The hunt is on for Endurance, Ernest Shackleton’s ship that sits 10,000 feet below the icy Weddell Sea in Antarctica.
After an 11-day voyage aboard a South African icebreaker, the expedition, known as Endurance22, began searching for the wreck this week. Underwater drones equipped with cameras, sonar and lasers have been scanning 100 square miles of seafloor looking for the remains of the 144-foot wooden ship, which sank in 1915 after being crushed in ice.
Mensun Bound, the expedition’s director of exploration, said in an email that after a few technical glitches, the submersibles were functioning well, carrying out several dives each day. Images show that the seafloor is flat and consists of fine sediment and small rocks. “It should be possible to identify quickly any wreckage,” he said.
The expedition, financed at a cost of more than $10 million by an anonymous donor, has about a week left before the icebreaker, Agulhas II, must head back to Cape Town.
But the expedition is not only looking for one of the most celebrated wrecks that remain to be found, a ship with a revered place in the history of Antarctic exploration. On board are researchers with a more forward-looking goal: They are studying the Weddell Sea pack ice, looking for signs that it is changing as the world warms as a result of human-cause emissions of greenhouse gases.
Two helicopters aboard the ship have been used to ferry these scientists to ice floes, where ice cores are drilled for later laboratory analysis
Endurance was lost while transporting Shackleton and his crew of 27 to Antarctica for what was to have been an attempt to be the first to cross the continent on foot. The sinking, which came months after the ship first became trapped in pack ice, dashed those hopes but resulted in one of the greatest tales of survival in the face of great adversity. Shackleton led some of his men on an epic small-boat voyage to the island of South Georgia, a journey of 800 miles, from where he organized the rescue of the entire crew. He returned to Britain a hero.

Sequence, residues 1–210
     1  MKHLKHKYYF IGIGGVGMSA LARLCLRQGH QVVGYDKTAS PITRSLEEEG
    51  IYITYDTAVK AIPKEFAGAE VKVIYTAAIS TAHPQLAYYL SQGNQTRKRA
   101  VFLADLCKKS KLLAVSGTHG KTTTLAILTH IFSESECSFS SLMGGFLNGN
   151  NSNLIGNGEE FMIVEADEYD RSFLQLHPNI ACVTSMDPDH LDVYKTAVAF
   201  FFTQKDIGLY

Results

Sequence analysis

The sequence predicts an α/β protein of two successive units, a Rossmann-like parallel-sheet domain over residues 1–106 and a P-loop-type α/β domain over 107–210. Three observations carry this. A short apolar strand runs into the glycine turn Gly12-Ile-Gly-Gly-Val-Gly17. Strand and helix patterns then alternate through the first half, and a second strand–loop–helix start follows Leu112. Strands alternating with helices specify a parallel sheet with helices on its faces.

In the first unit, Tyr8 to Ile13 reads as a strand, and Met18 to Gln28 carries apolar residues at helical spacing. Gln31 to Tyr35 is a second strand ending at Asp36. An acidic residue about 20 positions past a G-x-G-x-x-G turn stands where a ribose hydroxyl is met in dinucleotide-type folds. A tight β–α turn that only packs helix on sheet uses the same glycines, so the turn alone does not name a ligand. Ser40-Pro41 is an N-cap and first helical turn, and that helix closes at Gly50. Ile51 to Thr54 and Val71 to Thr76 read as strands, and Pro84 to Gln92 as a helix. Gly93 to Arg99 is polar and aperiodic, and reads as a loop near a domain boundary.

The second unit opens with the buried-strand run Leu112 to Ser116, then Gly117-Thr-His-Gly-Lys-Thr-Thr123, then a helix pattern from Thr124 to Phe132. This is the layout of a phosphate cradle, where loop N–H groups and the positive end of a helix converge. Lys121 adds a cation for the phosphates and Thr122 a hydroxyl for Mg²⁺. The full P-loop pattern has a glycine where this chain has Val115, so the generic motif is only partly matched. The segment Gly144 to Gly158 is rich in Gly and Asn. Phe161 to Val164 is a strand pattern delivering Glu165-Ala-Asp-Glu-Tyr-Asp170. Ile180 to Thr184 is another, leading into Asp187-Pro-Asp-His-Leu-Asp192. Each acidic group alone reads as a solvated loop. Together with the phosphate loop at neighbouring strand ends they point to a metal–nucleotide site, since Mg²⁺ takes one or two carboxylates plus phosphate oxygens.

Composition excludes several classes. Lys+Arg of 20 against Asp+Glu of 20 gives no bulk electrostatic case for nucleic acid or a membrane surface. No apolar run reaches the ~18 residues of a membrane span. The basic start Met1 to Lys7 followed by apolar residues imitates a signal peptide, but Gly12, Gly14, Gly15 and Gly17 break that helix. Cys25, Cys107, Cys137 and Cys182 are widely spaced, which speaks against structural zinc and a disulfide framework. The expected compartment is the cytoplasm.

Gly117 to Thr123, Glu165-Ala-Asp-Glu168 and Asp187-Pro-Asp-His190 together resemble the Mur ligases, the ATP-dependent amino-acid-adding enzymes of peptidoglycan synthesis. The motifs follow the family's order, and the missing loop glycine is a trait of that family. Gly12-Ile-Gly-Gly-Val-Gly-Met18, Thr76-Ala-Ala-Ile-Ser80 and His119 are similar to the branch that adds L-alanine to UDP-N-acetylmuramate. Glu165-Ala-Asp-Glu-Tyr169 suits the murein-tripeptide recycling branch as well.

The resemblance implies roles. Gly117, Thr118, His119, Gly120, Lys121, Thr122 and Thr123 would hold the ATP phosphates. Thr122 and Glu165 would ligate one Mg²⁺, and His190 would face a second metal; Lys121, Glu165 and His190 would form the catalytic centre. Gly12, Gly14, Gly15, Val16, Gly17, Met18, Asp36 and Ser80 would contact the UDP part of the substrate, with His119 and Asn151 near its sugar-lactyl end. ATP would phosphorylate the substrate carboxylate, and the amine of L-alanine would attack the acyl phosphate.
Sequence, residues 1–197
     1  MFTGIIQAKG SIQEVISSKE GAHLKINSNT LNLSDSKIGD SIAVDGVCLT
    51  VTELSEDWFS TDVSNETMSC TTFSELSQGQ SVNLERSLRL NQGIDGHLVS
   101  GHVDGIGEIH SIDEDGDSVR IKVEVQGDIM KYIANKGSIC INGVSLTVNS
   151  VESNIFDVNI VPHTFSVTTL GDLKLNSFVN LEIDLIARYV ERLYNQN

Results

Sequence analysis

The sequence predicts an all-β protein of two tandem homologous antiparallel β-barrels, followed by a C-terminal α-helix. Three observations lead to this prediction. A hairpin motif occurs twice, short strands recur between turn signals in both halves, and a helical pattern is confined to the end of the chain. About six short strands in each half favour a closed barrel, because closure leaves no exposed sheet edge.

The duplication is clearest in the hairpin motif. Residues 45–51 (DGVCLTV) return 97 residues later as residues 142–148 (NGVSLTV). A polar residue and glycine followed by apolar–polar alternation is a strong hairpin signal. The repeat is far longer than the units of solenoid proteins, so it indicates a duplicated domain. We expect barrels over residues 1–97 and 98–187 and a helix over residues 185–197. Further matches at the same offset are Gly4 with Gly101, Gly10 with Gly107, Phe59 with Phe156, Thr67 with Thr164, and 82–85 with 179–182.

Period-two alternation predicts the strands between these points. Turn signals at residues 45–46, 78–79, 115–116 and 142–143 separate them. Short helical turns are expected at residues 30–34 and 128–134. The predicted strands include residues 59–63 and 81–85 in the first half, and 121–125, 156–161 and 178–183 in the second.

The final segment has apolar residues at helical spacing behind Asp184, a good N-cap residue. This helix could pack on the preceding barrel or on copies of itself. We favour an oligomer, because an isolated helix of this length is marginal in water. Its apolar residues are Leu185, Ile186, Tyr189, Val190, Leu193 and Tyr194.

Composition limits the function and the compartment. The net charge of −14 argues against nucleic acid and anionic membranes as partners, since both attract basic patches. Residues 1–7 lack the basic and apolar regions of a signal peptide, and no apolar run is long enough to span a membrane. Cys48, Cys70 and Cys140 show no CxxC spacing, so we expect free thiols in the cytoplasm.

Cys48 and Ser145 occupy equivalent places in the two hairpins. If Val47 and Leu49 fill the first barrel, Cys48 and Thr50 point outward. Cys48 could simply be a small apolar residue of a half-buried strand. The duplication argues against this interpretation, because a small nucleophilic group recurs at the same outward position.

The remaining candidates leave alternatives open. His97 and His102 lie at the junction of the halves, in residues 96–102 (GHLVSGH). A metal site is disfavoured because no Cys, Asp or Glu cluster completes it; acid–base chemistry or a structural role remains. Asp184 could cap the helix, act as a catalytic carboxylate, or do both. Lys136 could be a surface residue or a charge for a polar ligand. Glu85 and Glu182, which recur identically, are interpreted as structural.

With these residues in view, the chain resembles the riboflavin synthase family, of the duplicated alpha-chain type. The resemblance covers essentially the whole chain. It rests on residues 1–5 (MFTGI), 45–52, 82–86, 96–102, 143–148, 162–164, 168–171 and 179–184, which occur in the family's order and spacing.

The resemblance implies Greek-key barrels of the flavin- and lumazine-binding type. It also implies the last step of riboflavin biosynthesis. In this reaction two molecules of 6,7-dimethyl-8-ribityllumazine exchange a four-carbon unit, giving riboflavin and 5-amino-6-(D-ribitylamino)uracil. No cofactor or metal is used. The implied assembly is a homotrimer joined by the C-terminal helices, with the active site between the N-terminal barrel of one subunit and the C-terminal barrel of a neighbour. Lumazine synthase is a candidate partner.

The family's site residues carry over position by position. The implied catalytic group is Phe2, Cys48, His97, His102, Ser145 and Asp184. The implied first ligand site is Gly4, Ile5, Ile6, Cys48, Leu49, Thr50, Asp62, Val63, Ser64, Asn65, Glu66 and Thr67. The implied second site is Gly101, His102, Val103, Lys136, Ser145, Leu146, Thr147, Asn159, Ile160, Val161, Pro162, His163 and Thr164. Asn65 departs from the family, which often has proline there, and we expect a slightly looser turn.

As Shackleton learned first hand, the Weddell is notorious for having thick, years-old ice, a function of the sea’s circular current. But the ice en route to the search site was not too bad, said John Shears, the expedition leader. “Our transit was much quicker than expected because of the light ice conditions, with plenty of open water leads available for the ship to maneuver through,” he said.
The ice at the search area has also not presented any obstacles, Mr. Bound said. It is thin enough that the icebreaker’s propeller wash creates enough open water to launch the submersibles. He said that while the search was in its early stages, the team was making good progress covering the search area.
Endurance’s captain, Frank Worsley, was able to use basic navigational tools to determine the ship’s location when it finally sank. But Worsley’s timepiece, which he used to make noontime sightings of the sun, was off by about 10 minutes. Through analyses of that and other potential errors, as well as modeling of possible drift, a 7 mile by 14 mile search area was established.
If the remains of the ship are found, the submersibles will take videos and photographs and make laser scans of the wreckage, which will very likely be the basis for museum exhibits and educational materials. But the site, which is classified as a historic monument, will not be disturbed.
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The wreck is expected to be in relatively good shape, unlike other old wooden wrecks in warmer waters that are often consumed by marine organisms.
Although photographs taken before the sinking by Shackleton’s photographer, Frank Hurley, appeared to show Endurance in pieces, that was mostly the masts and rigging. Mr. Bound and others said it was likely that the hull was mostly intact when the ship sank, though it may have split when it hit bottom.
The expedition crew hopes to find out definitively soon. “We remain optimistic that with the current sea ice conditions, and the submersibles performing well, we’ll find the Endurance,” Mr. Shears said.